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PostPosted: Wed Aug 08, 2018 3:44 pm 
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The approach and landing section of this flight turned into a disaster. Well, there was no landing! Unfortunately, the controller didn't seem to realise that it wasn't wise to fly at 4000' or 3000' into mountains that were at least 7000'!

I couldn't seem to get round this and also couldn't find the instruction to turn PF3 off!

Here's the log.

John


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PostPosted: Wed Aug 08, 2018 4:21 pm 
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John, I haven't had a look at your log yet but you haven't actually said what the problem was, other than the landing didn't happen. You also mention mountains but PF3 doesn't know anything about mountains. If you're flying into a mountainous range then you need to ensure your approach is planned correctly.... either using a STAR or by setting altitudes accordingly

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Dave March

Email: dmarch@oncourse-software.co.uk

Without a log it didn't happen!

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PostPosted: Thu Aug 09, 2018 9:52 am 
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The problem was Dave that in a straight line the approach to the airport and the airport itself is in quite a narrow valley which itself was 4000' high. The ATC was trying to get me down to 4000' then 3000' to turn into the mountains that were at least 7000' high.

Since I wasn't familiar with where I was going I couldn't plan the approach ahead of time. I had to trust the controllers to do that but if they don't know either it is inevitable that the flight will fail.

Surely, if the controllers don't know the altitudes of the land/air they're controlling, perhaps they shouldn't be telling the pilot the altitude they want him to fly at.

Have a look at the log when you can and you'll see what I mean.

John


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PostPosted: Thu Aug 09, 2018 10:05 am 
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Quote:
Surely, if the controllers don't know the altitudes of the land/air they're controlling, perhaps they shouldn't be telling the pilot the altitude they want him to fly at.
In PF3's case you need to tell them to not tell you where to fly :)
(in the real world controllers may not be able to vector you either, because of limited radar coverage in mountainous areas)
Quote:
Have a look at the log when you can and you'll see what I mean.
Dave would need the debug_monitor.log for your flight, not one of the TGS logs.

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PostPosted: Thu Aug 09, 2018 1:27 pm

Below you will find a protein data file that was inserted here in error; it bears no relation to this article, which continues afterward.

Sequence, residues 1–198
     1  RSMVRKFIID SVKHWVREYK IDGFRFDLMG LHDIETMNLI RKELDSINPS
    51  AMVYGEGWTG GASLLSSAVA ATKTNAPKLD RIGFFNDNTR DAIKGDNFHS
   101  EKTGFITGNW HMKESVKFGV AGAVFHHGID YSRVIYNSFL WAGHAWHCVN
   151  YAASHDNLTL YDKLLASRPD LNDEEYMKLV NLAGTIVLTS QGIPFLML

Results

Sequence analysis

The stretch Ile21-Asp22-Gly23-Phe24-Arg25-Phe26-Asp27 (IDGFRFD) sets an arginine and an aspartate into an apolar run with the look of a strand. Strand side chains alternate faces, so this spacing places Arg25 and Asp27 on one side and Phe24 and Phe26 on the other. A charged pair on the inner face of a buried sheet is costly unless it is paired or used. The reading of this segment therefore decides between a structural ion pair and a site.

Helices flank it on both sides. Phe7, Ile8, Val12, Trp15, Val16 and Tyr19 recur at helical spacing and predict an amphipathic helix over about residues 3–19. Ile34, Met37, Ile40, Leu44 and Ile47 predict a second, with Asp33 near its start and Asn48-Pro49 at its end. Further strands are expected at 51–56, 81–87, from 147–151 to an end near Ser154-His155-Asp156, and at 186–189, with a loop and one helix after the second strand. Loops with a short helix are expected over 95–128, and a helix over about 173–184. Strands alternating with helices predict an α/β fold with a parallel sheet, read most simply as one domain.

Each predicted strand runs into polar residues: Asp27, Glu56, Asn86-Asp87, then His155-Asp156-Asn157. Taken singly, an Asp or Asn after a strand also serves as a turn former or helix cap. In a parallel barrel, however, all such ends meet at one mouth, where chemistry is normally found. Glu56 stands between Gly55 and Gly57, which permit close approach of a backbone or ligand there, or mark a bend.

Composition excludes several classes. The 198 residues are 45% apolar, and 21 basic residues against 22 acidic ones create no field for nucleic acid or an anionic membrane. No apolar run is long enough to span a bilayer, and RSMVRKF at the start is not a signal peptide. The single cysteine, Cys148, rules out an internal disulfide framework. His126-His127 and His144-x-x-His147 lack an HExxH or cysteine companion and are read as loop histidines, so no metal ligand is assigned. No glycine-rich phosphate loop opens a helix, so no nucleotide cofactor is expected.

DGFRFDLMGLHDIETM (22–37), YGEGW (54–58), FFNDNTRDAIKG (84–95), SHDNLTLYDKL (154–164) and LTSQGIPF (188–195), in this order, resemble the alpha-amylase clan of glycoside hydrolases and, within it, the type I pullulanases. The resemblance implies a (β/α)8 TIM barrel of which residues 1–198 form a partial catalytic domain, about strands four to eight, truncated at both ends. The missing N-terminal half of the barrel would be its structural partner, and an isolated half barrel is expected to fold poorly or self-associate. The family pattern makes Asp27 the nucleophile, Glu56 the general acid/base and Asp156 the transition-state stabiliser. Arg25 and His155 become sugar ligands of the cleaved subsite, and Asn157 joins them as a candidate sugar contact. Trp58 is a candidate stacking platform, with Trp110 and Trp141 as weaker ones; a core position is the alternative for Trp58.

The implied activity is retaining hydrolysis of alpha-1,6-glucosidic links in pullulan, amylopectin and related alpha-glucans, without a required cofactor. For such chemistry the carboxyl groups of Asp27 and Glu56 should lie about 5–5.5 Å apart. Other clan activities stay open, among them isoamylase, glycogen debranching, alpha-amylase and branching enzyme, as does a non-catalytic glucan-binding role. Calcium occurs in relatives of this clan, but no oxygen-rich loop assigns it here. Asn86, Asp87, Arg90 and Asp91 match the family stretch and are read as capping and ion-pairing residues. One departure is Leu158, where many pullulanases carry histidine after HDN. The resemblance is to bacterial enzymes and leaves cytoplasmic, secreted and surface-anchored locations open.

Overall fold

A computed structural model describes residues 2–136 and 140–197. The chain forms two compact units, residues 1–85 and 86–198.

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Quote:
The problem was Dave that in a straight line the approach to the airport and the airport itself is in quite a narrow valley which itself was 4000' high. The ATC was trying to get me down to 4000' then 3000' to turn into the mountains that were at least 7000' high.

Since I wasn't familiar with where I was going I couldn't plan the approach ahead of time. I had to trust the controllers to do that but if they don't know either it is inevitable that the flight will fail.
If you are going to be flying in a mountainous area, you should become familiar with the area and make a plan. The best way to do that is review the charts. In this case, PF3's vectoring may not work out well due to the terrain and you may need to fly a published procedure at pilot's discretion. It's more work but it's worth it. At the following link (lower part of page) check out the ZONNA ONE arrival chart which you can use to plan your approach to the airport from the east.

https://skyvector.com/airport/TUS/Tucso ... al-Airport

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PostPosted: Thu Aug 09, 2018 4:29 pm 
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That's a good idea Dan. Thanks.

I've just had a similar problem today with the flight from KTUS Tucson to KSAN San Diego where you come over the high desert area and then mountains down to the coastal areas. At least this time I was ready for it and ignored the Controllers instructions.

Of course, the other way would be to fly VFR. Failing that, as I'm likely to be flying in the States and Canada from some time now, I'll need to sort something out because they're all mountainous and massive ones at that.

I know I should know all this. I've been with PF3 long enough but my memory isn't what it was. Thats my excuse anyway! :roll:

John


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PostPosted: Thu Aug 09, 2018 4:50 pm 
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Quote:
...but my memory isn't what it was...
How do you know, if you can't remember? :lol:

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Dave March

Email: dmarch@oncourse-software.co.uk

Without a log it didn't happen!

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PostPosted: Thu Aug 09, 2018 4:56 pm 
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Joined: Mon Feb 08, 2016 9:29 pm
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Quote:
Surely, if the controllers don't know the altitudes of the land/air they're controlling, perhaps they shouldn't be telling the pilot the altitude they want him to fly at.
Correct. And you can stop them from telling you where to fly by activating the STAR option, which I recommend to always do when flying into an airport in mountainous terrain.

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PostPosted: Fri Aug 10, 2018 12:08 pm 
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Ok-I'll have a look see at the 'Star Option' whatever that is. Be prepared for more questions! :?

John


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